It is 1944: Daniel, a soldier, legendary among the Norwegians fighting the advance of Bolshevism on the Russian front, is killed. Two years later, a wounded soldier wakes up in a Vienna hospital. He becomes involved with a young nurse, the consequences of which will ripple forward to the turn of the next century.
In 1999, Harry Hole, alone again after having caused an embarrassment in the line of duty, has been promoted to inspector and is lumbered with surveillance duties. He is assigned the task of monitoring neo-Nazi activities; fairly mundane until a report of a rare and unusual gun being fired sparks his interest. Ellen Gjelten, his partner, makes a startling discovery. Then a former soldier is found with his throat cut. In a quest that takes him to South Africa and Vienna, Harry finds himself perpetually one step behind the killer. He will be both winner and loser by the novel’s nail-biting conclusion.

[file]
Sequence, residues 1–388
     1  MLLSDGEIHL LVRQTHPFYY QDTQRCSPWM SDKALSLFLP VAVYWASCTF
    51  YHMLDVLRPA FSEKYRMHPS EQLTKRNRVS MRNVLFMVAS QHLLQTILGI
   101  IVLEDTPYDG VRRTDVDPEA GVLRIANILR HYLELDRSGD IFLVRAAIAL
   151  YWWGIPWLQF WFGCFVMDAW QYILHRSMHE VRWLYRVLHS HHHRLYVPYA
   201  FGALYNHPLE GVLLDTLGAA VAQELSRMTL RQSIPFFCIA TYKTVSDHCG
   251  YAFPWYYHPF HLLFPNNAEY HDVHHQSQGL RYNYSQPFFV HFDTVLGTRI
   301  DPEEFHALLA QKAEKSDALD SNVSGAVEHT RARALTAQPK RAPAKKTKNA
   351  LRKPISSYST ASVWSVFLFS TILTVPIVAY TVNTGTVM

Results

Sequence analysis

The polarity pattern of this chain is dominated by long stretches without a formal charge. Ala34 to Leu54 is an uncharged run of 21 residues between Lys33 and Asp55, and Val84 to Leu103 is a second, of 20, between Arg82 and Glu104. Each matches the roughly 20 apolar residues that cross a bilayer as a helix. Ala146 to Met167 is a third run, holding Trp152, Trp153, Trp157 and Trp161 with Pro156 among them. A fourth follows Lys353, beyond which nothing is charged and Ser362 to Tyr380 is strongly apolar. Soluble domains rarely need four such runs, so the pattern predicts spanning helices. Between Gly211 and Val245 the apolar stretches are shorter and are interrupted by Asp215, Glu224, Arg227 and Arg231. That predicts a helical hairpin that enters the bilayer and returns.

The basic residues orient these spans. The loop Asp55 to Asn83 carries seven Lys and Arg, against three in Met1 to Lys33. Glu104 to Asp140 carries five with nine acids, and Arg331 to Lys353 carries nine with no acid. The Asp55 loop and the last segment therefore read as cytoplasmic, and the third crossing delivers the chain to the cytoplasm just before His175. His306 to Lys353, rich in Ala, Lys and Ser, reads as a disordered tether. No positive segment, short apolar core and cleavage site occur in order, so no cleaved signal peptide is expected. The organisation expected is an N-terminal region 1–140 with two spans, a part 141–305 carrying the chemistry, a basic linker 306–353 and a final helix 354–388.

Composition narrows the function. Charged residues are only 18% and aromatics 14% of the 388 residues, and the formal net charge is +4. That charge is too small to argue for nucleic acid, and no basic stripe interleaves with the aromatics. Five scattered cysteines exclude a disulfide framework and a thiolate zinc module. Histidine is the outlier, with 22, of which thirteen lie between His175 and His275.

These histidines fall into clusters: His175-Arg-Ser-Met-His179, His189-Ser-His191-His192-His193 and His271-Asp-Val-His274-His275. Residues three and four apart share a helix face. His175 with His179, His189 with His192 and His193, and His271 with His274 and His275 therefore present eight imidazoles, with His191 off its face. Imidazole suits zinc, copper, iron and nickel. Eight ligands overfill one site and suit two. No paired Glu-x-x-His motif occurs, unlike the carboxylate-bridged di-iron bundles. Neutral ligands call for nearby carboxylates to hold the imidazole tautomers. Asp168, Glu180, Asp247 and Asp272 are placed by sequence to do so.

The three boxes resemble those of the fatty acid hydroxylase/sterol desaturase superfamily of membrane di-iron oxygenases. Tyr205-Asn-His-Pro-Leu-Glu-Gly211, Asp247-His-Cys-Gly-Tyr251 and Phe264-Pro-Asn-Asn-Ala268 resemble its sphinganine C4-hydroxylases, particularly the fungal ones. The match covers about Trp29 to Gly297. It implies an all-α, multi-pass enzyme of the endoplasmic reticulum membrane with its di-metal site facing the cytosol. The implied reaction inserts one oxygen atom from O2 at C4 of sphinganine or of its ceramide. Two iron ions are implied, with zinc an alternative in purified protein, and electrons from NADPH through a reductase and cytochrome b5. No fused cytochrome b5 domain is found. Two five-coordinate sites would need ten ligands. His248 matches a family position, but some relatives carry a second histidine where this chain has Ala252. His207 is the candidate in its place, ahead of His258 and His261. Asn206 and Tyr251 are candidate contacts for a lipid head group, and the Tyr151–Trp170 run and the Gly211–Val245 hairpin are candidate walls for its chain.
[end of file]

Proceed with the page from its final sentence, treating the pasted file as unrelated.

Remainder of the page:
The Redbreast won the Glass Key prize for the best Nordic crime novel when it was first published, and was subsequently voted Norway’s best crime novel. The Devil’s Star, Nesbø’s first novel featuring Harry Hole to be translated into English, marked Nesbø as a writer to watch in the ever more fashionable world of Nordic crime.
©2007 Jo Nesbo (P)2011 Random House Audio
I just couldn't get through this book. After a few hours I have to give it up. I bought it because of the great reviews and am really disappointed. I really like thrillers but this seems to be a slow moving WW2 story with confusing Norwegian characters mired in philosophical debates about Fascism and the Nazis. Did I read the reviews wrong?? In any case if you buy it be prepared to listen to a ponderous war story, NOT a current day thriller. There are flashes of a current thriller but in my reading so far there are only brief flashes.